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Today I bring a new product from Cooler Master, based off their already extensive AIO range of products, the Cooler Master MasterLiquid ML240 Mirror on the surface looks to compliment any RGB enthusiast’s build, but how is it at cooling? Let’s see what it’s all about! The product includes their latest 3rd generation dual chamber pump to ensure good coolant flow consistently through the AIO. Cooler Master chose to go with a black colored product, which will fit stealthily in any build apart from the LEDs which will be visually pleasing for the RGB crowd. As with most AIOs the radiator material is made of aluminium while the block/pump cold plate is made from copper. The pump included in this product is made to last at least 70000 hours, which equates to about 8 years being on constantly 24/7, so needless to say that the pump will easily outlast the warranty period for this product. One bonus is that on top of that, the pump is very, very silent, you’ll have a hard time hearing even without any other fans in your build, so check which fan header you’ll be plugging it’s 3-pin connector and turn it up to 100% in BIOS to maximize this AIOs capability! Even at 100%, it should only draw about 0.2A (less than 2.5W!)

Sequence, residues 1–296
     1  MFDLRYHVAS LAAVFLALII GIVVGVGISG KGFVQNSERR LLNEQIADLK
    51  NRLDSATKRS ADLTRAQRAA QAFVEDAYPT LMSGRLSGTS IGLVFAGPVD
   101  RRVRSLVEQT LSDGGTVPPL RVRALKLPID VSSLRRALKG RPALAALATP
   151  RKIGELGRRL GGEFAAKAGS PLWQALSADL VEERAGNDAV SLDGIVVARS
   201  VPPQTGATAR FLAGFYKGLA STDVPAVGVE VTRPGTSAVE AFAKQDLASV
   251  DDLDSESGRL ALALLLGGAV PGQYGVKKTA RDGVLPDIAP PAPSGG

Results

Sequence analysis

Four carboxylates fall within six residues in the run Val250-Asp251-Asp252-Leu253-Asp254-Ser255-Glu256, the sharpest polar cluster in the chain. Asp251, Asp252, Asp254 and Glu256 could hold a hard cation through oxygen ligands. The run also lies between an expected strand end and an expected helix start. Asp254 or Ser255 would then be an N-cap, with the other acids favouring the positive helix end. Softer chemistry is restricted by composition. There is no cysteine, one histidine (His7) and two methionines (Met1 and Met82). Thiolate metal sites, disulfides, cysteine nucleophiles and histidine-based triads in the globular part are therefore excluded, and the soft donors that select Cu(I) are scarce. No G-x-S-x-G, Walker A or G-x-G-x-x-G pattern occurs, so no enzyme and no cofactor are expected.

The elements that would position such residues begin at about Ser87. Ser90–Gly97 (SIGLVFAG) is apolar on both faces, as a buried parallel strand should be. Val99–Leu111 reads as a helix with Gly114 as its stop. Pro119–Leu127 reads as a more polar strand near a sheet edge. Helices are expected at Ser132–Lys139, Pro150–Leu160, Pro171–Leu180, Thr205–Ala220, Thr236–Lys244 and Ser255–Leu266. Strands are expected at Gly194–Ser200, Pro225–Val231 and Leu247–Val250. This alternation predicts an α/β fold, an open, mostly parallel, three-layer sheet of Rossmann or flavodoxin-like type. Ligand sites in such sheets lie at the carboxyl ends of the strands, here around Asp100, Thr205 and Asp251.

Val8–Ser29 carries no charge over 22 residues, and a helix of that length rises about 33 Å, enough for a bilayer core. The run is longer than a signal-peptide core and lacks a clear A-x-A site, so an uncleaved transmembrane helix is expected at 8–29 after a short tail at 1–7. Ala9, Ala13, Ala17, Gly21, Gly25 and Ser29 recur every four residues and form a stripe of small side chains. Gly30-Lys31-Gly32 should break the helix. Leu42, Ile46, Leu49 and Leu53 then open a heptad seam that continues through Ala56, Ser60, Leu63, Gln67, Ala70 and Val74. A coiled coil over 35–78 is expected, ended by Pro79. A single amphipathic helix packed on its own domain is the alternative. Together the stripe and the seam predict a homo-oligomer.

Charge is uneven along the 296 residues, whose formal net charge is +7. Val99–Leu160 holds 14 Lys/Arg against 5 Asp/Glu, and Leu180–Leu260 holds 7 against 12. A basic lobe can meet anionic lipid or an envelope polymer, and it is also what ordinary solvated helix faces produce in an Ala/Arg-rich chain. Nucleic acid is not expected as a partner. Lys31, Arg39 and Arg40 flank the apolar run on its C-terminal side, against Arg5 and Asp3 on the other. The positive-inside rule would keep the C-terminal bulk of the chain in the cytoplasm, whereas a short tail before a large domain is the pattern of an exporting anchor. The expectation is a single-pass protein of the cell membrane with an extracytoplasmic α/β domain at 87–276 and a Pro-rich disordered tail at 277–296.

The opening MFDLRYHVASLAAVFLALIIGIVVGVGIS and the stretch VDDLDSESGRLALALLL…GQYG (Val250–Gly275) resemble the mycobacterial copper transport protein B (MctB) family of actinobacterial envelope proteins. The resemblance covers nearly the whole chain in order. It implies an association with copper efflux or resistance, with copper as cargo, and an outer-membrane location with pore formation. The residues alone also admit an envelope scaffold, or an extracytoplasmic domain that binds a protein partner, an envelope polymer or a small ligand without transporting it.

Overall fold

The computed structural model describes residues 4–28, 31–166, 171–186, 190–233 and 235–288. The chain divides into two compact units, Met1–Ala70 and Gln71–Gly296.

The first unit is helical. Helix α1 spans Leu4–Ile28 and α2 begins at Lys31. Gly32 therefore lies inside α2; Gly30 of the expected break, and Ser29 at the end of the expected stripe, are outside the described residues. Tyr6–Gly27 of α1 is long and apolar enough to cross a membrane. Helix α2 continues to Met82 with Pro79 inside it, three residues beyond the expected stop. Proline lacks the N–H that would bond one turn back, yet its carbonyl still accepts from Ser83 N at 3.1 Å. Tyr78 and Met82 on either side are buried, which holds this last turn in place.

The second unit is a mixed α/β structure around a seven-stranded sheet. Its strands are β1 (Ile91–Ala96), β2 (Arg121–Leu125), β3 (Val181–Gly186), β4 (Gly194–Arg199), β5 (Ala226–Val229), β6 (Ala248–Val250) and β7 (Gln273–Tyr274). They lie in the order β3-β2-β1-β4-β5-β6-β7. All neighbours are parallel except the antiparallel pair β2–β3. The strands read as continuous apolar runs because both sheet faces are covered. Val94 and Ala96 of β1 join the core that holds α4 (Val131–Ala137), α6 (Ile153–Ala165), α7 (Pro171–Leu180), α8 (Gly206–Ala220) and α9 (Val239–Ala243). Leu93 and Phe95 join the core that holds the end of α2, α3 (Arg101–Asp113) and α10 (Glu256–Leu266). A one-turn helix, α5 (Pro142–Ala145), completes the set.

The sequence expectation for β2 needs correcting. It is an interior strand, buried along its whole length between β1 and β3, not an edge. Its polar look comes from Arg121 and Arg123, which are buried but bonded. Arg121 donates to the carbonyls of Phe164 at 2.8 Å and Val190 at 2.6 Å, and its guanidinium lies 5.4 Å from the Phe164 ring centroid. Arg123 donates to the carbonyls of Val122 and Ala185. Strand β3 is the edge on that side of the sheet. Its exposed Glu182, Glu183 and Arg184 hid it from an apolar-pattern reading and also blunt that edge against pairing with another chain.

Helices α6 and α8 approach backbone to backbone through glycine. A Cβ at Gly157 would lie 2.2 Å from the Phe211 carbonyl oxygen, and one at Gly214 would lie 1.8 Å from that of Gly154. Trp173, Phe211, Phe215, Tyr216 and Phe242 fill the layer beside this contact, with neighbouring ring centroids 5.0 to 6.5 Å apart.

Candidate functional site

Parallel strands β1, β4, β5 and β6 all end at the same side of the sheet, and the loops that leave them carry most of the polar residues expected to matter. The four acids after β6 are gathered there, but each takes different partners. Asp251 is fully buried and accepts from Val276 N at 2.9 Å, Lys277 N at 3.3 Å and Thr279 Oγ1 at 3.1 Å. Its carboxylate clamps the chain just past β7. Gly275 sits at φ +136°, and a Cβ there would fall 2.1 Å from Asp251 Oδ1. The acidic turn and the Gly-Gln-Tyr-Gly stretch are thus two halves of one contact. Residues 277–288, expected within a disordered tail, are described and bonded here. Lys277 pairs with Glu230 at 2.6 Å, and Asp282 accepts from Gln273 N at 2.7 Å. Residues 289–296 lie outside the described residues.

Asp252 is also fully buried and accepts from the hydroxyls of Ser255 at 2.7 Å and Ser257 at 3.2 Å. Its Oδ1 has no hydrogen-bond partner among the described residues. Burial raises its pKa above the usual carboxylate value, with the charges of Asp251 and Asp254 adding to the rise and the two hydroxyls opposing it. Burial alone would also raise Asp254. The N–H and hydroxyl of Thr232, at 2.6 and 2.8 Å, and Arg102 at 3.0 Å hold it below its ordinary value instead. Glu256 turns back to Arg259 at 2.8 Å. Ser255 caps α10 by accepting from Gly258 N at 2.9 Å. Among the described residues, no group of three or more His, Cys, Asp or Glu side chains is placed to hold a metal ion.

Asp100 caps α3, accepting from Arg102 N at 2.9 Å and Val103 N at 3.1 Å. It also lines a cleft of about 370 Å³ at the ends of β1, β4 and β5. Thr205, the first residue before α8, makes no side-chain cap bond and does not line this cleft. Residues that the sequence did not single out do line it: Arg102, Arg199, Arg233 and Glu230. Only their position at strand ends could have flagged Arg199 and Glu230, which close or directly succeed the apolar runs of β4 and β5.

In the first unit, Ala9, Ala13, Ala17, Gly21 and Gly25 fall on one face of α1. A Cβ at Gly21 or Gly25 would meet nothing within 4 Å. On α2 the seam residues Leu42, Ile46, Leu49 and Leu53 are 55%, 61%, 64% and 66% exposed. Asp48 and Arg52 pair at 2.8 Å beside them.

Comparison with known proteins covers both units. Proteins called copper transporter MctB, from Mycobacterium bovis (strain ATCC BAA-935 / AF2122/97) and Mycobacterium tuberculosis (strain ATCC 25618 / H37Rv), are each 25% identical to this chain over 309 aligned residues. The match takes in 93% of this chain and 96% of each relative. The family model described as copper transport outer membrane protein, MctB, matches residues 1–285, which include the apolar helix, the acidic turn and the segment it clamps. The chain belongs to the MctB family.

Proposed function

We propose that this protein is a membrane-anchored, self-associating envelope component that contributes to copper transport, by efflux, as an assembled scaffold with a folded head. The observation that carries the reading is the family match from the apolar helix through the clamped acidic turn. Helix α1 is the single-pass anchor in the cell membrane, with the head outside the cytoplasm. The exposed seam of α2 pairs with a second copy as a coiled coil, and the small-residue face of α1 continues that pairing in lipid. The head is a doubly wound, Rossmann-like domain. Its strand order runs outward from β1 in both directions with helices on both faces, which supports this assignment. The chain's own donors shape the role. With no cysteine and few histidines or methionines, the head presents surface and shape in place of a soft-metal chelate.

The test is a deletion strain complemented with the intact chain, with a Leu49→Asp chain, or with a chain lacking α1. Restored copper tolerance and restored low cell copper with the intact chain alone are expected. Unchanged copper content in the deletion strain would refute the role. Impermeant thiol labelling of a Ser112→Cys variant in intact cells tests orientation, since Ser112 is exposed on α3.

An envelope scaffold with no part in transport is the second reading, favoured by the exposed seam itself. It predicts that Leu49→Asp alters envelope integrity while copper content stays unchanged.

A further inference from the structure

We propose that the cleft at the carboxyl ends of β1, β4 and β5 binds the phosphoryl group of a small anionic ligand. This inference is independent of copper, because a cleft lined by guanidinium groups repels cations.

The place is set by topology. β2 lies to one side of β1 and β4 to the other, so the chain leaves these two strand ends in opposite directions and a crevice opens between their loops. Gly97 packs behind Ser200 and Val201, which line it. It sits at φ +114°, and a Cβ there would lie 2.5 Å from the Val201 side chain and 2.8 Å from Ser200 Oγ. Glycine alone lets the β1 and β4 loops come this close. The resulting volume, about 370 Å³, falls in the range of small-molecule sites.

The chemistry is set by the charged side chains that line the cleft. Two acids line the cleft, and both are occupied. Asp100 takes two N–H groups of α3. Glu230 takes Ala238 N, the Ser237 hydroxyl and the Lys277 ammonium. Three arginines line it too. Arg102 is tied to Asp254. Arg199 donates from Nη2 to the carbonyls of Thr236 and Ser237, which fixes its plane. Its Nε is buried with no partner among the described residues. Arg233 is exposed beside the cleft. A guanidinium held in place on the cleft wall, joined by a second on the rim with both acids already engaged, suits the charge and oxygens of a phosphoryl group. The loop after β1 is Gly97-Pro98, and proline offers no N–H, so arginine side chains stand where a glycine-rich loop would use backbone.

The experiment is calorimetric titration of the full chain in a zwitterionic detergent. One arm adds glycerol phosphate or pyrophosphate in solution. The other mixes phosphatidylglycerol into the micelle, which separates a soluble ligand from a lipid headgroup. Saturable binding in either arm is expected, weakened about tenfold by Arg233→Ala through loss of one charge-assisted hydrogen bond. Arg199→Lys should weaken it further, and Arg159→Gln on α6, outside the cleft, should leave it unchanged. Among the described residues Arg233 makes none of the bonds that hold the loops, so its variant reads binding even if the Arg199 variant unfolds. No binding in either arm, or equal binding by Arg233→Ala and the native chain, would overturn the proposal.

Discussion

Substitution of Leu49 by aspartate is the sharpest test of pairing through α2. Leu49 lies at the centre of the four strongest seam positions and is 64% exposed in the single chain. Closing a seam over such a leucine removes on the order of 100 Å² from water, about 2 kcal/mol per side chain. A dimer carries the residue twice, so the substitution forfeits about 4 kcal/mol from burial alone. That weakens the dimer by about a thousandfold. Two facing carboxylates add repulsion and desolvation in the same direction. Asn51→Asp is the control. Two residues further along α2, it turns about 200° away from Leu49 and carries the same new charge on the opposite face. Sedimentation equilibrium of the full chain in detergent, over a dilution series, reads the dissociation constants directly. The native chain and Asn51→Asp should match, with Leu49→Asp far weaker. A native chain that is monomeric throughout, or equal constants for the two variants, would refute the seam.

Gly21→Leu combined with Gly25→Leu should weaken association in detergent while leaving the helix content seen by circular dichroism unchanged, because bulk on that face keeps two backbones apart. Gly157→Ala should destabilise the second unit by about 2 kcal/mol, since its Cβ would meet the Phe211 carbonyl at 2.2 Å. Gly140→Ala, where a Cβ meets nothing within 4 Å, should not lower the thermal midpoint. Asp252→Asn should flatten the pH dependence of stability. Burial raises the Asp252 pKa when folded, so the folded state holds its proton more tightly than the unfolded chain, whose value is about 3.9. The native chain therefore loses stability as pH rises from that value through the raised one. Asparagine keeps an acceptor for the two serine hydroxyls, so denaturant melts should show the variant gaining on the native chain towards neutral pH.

The 4-pin PWM fans are the new generation SickleFlow in 120mm format to fit the radiator, these are the traditional 25mm thickness fan. You get two of these naturally to fit the AIO’s radiator. Installing these is recommended in a push orientation to get the most performance out of them. These fans do not feature any LEDs. The SickleFlow 120 has a capability of pushing up to 62 CFM of air and a max static pressure of 2.5mmH₂O. The RPM range is way down at 650 RPM at 8dBA which is basically inaudible unless your ears are listening at a few millimetres from the fan, all the way to 1800 RPM which is still at a perfectly acceptable 27 dBA (RPM range has a ±5%, which is typical for most fans). Built to last 160000 hours means that you’ll never have to worry about these fans failing. At full PWM duty cycle these fans only pull 0.15A, which is just under 2 watts.

The radiator is what’s dubbed as 240mm, which means it can hold two 120mm radiators (2×120 = 240) and has dimensions of about 277mm long by 120mm wide by 27mm thick (10.9in x 4.7in x 1.1in), the other Masterliquid Mirror product variants include a 360mm (3×120) and a 280mm (140×2).